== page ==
987 and 191X

"...I came to realize that a woman like me can only love a man who is fighting to change the world, to make it freer, more alive. Men like my first husband, who are good and trustworthy and who work to keep the world going on well in the same state they found it in, they let you down horribly, somewhere. You feel so terribly sold. Everything is just a sell: it becomes so small.... [He fought] for something he never quite realized. He ruined his health." (77)

"Her own final conclusion about men was that they were the vanity of vanities, nothing but vanity. They must be flattered and made to feel great: Nothing else." (176)

"'Was he free and happy?'

'He was really. But that's where the monkeyishness comes in. He wouldn't let himself be content. He insisted on having people and a cause, just to torture himself with.'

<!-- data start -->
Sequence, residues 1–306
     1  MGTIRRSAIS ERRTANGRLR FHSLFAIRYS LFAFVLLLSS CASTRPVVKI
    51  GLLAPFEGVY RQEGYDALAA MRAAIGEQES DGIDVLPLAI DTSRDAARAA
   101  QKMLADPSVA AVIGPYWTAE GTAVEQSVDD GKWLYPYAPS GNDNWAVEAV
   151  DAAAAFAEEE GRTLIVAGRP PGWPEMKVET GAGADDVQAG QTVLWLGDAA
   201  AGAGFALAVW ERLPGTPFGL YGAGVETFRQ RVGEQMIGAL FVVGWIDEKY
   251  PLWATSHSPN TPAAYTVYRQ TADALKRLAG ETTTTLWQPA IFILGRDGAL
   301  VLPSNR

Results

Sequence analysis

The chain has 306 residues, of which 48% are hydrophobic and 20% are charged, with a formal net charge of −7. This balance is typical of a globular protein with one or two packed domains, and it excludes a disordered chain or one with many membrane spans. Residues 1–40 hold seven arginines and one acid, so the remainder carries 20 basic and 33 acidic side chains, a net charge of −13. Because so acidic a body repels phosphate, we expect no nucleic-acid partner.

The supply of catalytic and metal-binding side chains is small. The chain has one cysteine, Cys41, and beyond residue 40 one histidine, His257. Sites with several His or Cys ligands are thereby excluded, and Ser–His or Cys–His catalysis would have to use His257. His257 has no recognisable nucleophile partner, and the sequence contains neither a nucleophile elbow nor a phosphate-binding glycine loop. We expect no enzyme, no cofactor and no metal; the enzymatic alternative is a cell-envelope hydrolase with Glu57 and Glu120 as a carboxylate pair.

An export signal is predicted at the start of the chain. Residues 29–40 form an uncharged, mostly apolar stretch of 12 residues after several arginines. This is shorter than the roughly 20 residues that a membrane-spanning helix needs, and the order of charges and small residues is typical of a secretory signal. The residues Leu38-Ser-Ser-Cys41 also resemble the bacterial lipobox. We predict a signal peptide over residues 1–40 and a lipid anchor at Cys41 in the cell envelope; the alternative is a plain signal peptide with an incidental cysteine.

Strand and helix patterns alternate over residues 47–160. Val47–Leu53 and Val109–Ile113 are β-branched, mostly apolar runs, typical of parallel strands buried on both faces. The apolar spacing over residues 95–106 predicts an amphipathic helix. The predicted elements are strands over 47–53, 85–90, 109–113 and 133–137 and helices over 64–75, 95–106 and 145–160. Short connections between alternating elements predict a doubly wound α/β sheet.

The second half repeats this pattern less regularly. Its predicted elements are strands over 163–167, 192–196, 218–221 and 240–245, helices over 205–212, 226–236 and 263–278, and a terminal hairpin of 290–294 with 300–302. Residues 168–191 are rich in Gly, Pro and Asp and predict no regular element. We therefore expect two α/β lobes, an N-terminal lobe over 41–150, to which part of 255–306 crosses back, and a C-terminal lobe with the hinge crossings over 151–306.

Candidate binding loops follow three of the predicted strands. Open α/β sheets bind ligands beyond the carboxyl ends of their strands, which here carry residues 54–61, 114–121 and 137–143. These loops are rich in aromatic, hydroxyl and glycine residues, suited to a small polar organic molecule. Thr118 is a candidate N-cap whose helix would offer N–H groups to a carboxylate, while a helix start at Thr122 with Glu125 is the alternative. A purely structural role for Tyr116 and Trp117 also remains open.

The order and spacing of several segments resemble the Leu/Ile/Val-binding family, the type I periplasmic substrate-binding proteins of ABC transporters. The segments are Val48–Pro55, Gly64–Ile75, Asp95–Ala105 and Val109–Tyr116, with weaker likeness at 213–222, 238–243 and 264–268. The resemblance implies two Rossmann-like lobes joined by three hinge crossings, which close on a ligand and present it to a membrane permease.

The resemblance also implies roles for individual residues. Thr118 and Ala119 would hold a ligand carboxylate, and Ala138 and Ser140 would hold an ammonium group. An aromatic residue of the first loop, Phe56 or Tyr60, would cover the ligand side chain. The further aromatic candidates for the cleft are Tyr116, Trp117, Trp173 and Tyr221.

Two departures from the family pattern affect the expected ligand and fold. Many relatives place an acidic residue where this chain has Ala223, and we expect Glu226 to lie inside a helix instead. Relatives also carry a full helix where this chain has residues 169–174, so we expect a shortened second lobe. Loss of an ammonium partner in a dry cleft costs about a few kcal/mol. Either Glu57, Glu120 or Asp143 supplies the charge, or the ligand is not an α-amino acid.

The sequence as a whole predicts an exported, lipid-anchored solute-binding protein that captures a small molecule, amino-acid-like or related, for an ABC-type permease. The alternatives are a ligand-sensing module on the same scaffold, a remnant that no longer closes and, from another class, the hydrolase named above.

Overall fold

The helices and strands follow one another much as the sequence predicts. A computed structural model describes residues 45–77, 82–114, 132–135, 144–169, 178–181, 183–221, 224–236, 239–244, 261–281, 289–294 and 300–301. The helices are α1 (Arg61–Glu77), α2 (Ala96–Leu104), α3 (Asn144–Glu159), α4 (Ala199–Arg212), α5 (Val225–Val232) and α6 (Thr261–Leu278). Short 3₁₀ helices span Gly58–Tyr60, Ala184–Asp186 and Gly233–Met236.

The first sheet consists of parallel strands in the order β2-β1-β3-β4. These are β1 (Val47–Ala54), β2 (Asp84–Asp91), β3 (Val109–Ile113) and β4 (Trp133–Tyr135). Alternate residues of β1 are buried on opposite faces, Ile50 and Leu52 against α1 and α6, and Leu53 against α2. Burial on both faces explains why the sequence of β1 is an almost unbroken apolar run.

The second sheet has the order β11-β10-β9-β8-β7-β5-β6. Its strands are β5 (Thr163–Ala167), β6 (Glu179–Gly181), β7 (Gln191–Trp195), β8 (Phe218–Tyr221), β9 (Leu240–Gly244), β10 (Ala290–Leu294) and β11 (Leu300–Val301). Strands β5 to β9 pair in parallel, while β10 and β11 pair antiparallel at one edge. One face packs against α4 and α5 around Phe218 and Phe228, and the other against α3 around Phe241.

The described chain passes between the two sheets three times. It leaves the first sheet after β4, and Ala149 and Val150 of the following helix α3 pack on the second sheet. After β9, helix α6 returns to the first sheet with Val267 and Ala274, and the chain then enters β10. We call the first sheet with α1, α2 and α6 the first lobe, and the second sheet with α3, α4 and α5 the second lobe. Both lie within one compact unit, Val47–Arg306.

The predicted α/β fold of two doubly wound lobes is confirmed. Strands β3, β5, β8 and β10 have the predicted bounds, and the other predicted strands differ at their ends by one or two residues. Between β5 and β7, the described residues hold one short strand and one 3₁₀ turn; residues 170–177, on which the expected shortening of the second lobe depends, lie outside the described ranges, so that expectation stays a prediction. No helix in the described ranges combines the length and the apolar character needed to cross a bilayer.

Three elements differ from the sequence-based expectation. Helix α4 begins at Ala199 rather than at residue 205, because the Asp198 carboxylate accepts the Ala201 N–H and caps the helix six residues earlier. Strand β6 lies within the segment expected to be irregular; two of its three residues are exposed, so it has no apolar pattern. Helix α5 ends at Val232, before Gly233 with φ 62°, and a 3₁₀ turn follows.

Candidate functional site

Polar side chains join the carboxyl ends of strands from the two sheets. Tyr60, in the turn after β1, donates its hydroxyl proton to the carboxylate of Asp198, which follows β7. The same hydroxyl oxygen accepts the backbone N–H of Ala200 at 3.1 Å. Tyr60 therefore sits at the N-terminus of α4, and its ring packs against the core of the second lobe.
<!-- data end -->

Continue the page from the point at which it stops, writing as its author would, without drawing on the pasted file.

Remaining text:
'Then why don't you live in your cottage quite alone, and without him?' he said. 'Why do you travel and see people?'

She was silent, very angry. She knew she could not live quite alone. The vacuity crushed her. She needed a man there, to stop the gap, to keep her balanced. But even when she had him, in her heart of hearts she despised him, as she despised the dog and cat. Between herself and humanity there was the bond of subtle, helpless antagonism.

She was naturally quite free-handed and she left people their liberty. Servants would get attached to her, and casual people all liked and admired her. She had a strong life-flow of her own, and a certain assertive joie de vivre.

But underneath it all was the unconquerable dislike, almost disgust of people. More than hate, it was disgust." (264)

-- D.H. Lawrence, The Plumed Serpent.

"I will never understand men. Their emotions are just really strange, and I just can't work out why they behave the way they do." [here]

Sei Shonagon's Pillow Book -- as a blog . Via S/FJ .

posted. Thu - July 15, 2004 @ 10:17 PM           |